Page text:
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Faraday Future Furloughs More Employees

Company blaming Chinese investor for woes.

by Michael Strong on Dec.05, 2018

A large portion of Faraday's workers have been furloughed, those remaining taking pay cuts.

After a lengthy silence, financially challenged EV maker Faraday Future issued a tweet reconfirming its commitment to build its FF 91 model, while warning if an infusion of cash doesn’t arrive soon that could change. The company noted a round of layoffs are on tap as well.

In mid-November, the company was assumed dead before some churn at the top of the company’s management structure lead to founder Nick Sampson departing the company and the new leadership team announcing the company would come back.

Dig Deeper!

Today’s Twitter missive laid the blame for their current financial issues squarely at the feet of Chinese investment firm, Evergrande Health. (more…)

Chinese EV Maker Byton Unwraps 2nd Model at L.A. Auto Show

“We need a lot of funding,” CEO admits, outlining challenges ahead.

by Paul A. Eisenstein on Dec.03, 2018

Byton CEO Carson Breitfield talks about the new K-Byte EV at the Los Angeles Auto Show.

The global automotive market is in the midst of a revolution, something obvious to anyone attending this year’s Los Angeles Auto Show. Not only are we seeing a push into new technologies like electrification and autonomy, but the established carmakers are being taken on by a variety of automotive upstarts.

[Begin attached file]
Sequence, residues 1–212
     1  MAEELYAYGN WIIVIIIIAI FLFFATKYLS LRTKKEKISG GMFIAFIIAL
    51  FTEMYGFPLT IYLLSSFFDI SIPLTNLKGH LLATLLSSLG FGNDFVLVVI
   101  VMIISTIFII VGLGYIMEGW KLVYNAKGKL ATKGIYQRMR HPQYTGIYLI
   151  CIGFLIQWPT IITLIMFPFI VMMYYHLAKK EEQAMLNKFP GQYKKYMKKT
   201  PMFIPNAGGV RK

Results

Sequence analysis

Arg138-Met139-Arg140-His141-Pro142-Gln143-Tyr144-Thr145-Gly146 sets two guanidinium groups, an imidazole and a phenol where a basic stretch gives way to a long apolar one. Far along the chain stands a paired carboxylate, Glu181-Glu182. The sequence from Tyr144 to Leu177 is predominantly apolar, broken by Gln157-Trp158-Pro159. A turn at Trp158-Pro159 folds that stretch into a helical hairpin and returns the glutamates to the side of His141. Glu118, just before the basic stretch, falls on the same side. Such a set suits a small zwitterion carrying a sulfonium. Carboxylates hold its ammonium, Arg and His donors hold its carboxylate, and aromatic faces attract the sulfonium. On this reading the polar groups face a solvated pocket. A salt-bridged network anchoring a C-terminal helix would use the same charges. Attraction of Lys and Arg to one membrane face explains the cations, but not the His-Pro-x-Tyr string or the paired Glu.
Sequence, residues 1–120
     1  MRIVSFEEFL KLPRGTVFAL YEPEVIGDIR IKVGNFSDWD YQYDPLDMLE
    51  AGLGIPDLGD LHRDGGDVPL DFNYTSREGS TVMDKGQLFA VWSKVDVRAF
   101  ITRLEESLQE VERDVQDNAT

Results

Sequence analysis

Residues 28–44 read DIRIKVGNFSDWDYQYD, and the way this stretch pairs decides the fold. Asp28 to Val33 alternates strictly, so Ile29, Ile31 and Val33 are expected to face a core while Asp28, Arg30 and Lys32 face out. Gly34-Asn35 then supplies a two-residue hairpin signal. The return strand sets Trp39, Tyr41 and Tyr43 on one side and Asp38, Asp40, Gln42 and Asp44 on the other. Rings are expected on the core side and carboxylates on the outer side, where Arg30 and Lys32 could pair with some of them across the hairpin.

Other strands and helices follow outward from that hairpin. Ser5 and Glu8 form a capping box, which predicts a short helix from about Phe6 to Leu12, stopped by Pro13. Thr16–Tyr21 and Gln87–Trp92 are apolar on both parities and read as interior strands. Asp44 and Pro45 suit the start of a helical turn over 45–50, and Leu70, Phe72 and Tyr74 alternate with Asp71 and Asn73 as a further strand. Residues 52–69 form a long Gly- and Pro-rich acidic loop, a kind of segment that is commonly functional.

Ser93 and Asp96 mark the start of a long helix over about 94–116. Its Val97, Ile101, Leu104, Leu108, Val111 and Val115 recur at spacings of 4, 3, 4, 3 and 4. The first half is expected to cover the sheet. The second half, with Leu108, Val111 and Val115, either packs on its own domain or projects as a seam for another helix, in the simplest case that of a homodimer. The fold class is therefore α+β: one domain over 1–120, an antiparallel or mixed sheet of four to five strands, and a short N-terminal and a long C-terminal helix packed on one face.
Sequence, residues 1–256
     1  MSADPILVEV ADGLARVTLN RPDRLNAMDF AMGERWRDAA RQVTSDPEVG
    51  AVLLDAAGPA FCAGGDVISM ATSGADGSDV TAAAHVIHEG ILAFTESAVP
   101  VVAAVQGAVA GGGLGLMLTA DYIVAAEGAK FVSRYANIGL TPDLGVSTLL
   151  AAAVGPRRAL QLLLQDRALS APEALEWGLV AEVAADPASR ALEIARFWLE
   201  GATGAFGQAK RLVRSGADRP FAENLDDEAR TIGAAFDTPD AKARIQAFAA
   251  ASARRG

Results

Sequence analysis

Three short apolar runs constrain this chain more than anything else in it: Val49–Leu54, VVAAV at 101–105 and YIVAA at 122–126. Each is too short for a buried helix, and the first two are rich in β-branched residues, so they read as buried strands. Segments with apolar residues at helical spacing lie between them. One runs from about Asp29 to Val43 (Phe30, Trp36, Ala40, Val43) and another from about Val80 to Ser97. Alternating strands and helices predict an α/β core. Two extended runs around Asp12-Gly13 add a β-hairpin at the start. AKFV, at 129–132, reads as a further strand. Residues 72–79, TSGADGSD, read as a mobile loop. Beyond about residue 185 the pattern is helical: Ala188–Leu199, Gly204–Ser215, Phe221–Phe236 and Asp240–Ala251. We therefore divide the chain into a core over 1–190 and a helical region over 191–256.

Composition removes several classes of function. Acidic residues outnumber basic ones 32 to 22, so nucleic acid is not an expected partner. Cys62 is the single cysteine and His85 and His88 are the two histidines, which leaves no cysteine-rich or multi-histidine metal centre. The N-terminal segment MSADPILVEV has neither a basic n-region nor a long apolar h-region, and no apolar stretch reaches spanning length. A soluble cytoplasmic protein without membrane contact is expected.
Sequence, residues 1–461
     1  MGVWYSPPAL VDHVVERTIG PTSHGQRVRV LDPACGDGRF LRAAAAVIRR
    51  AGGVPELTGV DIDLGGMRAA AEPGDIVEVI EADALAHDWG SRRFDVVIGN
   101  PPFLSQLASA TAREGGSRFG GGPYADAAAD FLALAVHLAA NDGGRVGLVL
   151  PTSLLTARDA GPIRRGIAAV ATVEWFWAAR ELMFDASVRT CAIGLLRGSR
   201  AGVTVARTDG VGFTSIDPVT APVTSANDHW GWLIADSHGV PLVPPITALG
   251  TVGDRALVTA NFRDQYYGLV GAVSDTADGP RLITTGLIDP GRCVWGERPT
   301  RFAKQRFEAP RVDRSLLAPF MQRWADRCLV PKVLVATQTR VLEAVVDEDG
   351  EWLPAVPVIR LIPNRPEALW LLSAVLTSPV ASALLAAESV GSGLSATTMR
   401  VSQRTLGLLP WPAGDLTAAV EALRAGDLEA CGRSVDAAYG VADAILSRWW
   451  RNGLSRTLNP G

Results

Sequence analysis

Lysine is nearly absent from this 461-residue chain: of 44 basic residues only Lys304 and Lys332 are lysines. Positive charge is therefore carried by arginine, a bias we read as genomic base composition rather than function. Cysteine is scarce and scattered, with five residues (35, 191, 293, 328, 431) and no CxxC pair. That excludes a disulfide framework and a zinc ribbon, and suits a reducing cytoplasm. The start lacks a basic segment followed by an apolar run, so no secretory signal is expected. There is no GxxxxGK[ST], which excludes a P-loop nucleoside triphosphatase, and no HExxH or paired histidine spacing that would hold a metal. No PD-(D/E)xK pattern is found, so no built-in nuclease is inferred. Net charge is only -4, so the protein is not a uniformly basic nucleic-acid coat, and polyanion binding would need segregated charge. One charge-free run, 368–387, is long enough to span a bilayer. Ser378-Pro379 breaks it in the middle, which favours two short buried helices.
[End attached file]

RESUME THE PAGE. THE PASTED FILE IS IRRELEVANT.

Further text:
To a list that already includes the likes of Tesla, Faraday Future and Rivian, add China-based Byton. The company helped anchor the first day of previews at the L.A. Auto Show by unveiling a prototype of what it says will be its second new model, the K-Byte. But Byton officials also acknowledged that they still face challenges in their road to production.

News Now!

The debut of the K-Byte follows Byton’s original prototype, the M-Byte, and targets a relatively mainstream buyer, at least by the standards of the electric vehicle market. According to Breitfeld, the sleek battery-sedan will come in at a starting price of around $45,000 when it comes to market. The target, at least, is to have it reach showrooms in China next year, followed by a late 2019 launch in the U.S., and a European roll-out in 2020. (more…)